Connecticut Breaks Federal Guidelines By Vaccinating People Based On Age
MARY LOUISE KELLY, HOST:
Several states are starting to vaccinate people by age, which is a break from federal guidelines. In Connecticut, educators are still prioritized, but essential workers like grocers, security officers, janitors who would have been next, they will have to wait until their age group comes up. As Connecticut Public Radio's Brenda Leon reports, the state says it is trying to balance equity with speed to increase vaccines.
BRENDA LEON, BYLINE: Educators like Missy Giandurco, who teaches eighth-grade special education, are now at the front of the line for a vaccine.
MISSY GIANDURCO: I'm very excited. Honestly, it's been a very stressful year, and the governor made the right choice by moving it forward a little faster.
LEON: Someone who's not excited is DeShawn Brownell. His job as a security guard doesn't allow him to social distance. Under the previous plan, he would have been in the next group to be vaccinated, but he's 46 years old, and he'll have to wait.
DESHAWN BROWNELL: I'm a little bit younger, but at the same time, I have epilepsy. I have high blood pressure. What if something happens to me? I'm one of the main incomes in my house. Like, it's going to affect my kids. It's going to affect my wife, my outside family, like my mom, my dad. It's a domino effect.
LEON: Under the new roll-out plan, comorbidities or medical conditions like Brownell has will not be determining factors for eligibility. Brownell is a member of a union that represents doormen, janitors and other property service workers, and they are predominantly Black and brown. The Union, SEIU 32BJ, has lost seven of its members to COVID in Connecticut.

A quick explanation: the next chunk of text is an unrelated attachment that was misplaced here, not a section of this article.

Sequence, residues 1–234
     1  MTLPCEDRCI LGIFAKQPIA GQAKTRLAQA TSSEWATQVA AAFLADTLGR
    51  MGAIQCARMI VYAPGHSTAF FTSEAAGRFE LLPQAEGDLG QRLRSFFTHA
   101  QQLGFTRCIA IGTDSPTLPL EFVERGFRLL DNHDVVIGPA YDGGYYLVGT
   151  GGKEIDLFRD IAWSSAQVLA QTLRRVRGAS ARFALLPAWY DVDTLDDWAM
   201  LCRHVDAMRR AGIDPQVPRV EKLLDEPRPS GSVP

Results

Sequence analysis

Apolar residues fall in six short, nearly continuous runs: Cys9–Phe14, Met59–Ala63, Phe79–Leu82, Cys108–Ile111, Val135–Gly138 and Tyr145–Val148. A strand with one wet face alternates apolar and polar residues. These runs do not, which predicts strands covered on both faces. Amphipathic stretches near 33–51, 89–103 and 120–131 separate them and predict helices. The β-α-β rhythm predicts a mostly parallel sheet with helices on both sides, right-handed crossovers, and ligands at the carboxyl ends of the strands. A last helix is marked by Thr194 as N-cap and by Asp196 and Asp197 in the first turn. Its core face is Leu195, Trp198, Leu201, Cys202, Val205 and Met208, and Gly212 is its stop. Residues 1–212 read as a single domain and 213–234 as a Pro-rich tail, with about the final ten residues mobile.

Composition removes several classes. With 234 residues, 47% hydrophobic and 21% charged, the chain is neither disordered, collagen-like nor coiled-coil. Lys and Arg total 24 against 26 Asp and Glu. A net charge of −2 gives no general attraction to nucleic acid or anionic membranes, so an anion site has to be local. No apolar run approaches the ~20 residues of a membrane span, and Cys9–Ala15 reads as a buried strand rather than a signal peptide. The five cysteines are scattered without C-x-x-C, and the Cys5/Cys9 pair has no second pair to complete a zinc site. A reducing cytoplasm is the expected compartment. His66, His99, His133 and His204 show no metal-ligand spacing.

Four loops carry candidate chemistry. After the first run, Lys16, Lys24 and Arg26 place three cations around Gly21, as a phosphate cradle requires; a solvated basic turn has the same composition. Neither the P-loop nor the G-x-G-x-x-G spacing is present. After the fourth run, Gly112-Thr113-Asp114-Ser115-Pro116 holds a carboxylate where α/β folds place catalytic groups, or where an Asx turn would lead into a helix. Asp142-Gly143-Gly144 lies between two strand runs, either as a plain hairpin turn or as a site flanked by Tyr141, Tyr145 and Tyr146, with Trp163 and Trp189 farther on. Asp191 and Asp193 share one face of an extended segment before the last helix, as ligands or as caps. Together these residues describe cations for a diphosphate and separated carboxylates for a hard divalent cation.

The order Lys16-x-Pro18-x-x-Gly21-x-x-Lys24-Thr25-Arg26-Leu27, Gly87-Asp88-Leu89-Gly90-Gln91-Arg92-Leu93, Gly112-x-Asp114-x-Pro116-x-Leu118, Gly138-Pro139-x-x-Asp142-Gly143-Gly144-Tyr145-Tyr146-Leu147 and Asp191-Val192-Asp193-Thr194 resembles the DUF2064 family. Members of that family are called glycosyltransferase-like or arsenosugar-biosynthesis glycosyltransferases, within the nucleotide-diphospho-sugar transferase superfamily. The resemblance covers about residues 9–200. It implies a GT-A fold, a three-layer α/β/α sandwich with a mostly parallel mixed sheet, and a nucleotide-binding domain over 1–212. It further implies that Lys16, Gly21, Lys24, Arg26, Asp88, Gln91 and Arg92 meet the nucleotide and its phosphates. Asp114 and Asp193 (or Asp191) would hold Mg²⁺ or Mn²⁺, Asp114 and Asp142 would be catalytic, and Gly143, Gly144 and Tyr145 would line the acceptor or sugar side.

According to the state, essential workers and those with high-risk medical conditions comprise a third of Connecticut's population. Josh Geballe works in Governor Ned Lamont's administration. He says it was too complicated to verify who was in these groups.
JOSH GEBALLE: You need proof. Do you need a doctor's note? Because if you do, you may make it harder actually for people who don't have good access to health care or maybe are unemployed or undocumented.
LEON: So they decided to simplify. Geballe says state data shows age is one of the strongest factors contributing to COVID-19 deaths. Ninety-six percent of all COVID-related deaths in Connecticut are of people 55 and older.
Critics say the new age-based system discriminates against younger people with disabilities and underlying medical conditions. A nonprofit organization advocating disability rights is suing the state to prioritize at-risk people in younger age brackets. Gregg Gonsalves is a professor of epidemiology at Yale University. He says the state's simplified distribution system isn't designed to ensure equity.
GREGG GONSALVES: If you have access to resources, you're computer literate, you have some savvy in working your way through the system to signing up for vaccines, you're going to be first in line no matter what age class you're in.
LEON: And Gonsalves says an age-based rollout disregards existing racial disparities in health.
GONSALVES: The risk of death for somebody who is African American and between 55 and 65 may be higher than somebody who's over 65, for instance, right? And so in that way, it doesn't solve some of the issues that we need to discuss.
LEON: The federal guidelines that Connecticut is dropping are meant to relieve the burden of the pandemic on frontline workers like DeShawn Brownell and other high-risk groups. Connecticut officials expect the quicker rollout enabled by the new age-based plan will ensure that vaccines reach those hard-hit communities.
For NPR News, I'm Brenda Leon in Hartford.
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